Scots academics are thinking global but working local as they join a new drive to improve lives in Africa.
A team from the University of Glasgow insists that we can no longer ignore the effects of poverty – even when it is happening on the other side of the world.
“We are all connected, whether we live in Uddingston or Uganda, Nairn or Nairobi, Glasgow or Gaborone,” says Dr Mia Perry, the founder of Sustainable Futures in Africa (SFA), a network of academics, activists and educators operating in Uganda, Malawi, Botswana, Nigeria and Scotland, funded by the UK Government’s Global Challenges Research Fund.
Maggie Ritchie travelled with the SFA to Uganda – one of the poorest countries in the world – to see two very different projects they are supporting.
Widow Acio Sidonia is rightly proud of the new home where she is now bringing up her seven children.
It is unimaginably different from the displaced persons camp she and thousands of others endured until just a couple of years ago.
“Life was very difficult but it is much better now. I have hope for the future, for me and for my children,” says Acio, 47, as she welcomes us into the new brick house that has replaced her tumbledown mud hut.
With the help of the Apala Widows and Orphanage Centre (AWOC), she has rebuilt her life and returned to the village she was forced to leave 20 years ago.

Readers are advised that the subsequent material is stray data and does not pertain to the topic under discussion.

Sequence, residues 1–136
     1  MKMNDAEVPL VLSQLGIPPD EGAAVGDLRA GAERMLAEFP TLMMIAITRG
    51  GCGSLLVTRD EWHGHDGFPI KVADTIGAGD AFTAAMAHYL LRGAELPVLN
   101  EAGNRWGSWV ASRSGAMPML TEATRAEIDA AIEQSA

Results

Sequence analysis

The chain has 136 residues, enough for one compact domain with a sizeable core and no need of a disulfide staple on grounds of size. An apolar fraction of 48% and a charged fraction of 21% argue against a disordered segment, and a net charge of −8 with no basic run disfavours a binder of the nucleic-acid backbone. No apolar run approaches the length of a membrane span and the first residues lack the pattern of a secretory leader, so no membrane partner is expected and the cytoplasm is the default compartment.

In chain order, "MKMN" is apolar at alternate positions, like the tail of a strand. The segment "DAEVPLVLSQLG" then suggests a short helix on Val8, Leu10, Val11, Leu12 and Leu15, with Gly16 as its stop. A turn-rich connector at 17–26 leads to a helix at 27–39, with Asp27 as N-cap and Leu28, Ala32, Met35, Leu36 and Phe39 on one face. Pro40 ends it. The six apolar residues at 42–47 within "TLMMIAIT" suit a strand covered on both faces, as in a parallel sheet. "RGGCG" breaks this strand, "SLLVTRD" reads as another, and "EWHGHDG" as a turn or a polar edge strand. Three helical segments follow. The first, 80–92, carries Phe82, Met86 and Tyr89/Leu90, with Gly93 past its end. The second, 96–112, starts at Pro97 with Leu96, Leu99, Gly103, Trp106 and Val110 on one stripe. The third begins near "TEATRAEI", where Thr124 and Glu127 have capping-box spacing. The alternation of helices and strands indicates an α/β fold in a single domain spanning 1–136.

The villagers from Alebtong district in Northern Uganda had to live in camps to escape the rebel soldiers of the Lord’s Resistance Army, who took over the region for two decades and terrorised the local population, murdering anyone they came across and stealing women and children.
Since the rebels fled over the border, the people of Alebtong have been slowly recovering from the trauma they suffered with the help of AWOC, a non-governmental, not-for-profit organisation that helps local people pull themselves out of poverty.
Widows who scrape a living from subsistence farming like Acio are given an ox plough to help them farm more efficiently.
“The plough means I don’t have to hoe the ground by hand and I have enough crops to sell,” says Acio, who can now afford to send her children to school.Norman Ogwal Bilal, the AWOC administrator, says: “During the insurgency, people here were victims of violence, rape, murder, sexual slavery, and the kidnapping of children who were forced to fight for the rebels. Now there are many families headed up by children as young as seven.”
AWOC gives 70 orphans study scholarships, runs community education programmes and training in agricultural techniques, as well as providing ox ploughs, sanitation and safe water.
Dr Mia Perry, of University of Glasgow, says: “The choice of Alebtong district was guided by the fact that they are ‘healing communities’ recovering from a 20-year-old insurgency that claimed many lives and left most families broken and in distress.”
The return of so many people at once from the camps put enormous pressure on the land.